Thursday, December 04, 2008

Performance does not equal quality

DB in a recent rant explains why performance measures don’t translate into quality. He says the boosters have pulled a fast one on us by confusing performance with real quality. I have to agree. Let’s call the performance measures what they are---performance measures, not quality measures.

One of his commenters gently takes him to task:

The best we can do is to continually test the relationships between “quality measures” at all levels and the final results we desire. Waiting for perfect measures is unrealistic.

I have to ask: if you don’t think guidelines should be followed in the populations for whom they are designed (which is how we identify the denominator populations for Bernoulli-distributed process measures), with whom are you really arguing?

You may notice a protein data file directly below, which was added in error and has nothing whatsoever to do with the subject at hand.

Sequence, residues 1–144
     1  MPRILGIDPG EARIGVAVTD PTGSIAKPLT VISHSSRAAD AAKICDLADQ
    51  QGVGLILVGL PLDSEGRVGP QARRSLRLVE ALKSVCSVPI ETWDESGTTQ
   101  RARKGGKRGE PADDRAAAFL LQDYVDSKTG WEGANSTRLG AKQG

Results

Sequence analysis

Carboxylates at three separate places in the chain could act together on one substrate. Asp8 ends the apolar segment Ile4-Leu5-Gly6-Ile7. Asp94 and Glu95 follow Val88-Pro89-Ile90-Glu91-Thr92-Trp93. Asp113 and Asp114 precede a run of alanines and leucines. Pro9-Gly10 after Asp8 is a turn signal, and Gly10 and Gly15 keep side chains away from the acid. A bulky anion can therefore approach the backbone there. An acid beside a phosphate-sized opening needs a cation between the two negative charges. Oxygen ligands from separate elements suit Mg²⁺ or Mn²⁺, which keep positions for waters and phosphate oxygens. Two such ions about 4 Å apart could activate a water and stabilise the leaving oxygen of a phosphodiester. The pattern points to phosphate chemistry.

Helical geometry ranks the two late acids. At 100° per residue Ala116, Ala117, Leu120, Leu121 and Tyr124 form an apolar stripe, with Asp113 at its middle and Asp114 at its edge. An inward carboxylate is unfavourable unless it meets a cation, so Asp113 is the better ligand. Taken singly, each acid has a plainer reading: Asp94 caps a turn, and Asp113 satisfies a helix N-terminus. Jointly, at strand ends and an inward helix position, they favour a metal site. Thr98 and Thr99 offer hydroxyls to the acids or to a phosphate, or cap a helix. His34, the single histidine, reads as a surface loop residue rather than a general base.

I suppose the alternative is to reject empiricism entirely and adopt the framework of Cartesian doubt.

I don’t read DB as knocking EBM, or even guidelines, although he has been critical of the way they are promoted. My take is that today’s performance measures have little to do with true EBM. Moreover the performance police, in an effort to get everyone on board with a minimum standard of guideline based care, have misappropriated and over simplified those same guidelines.

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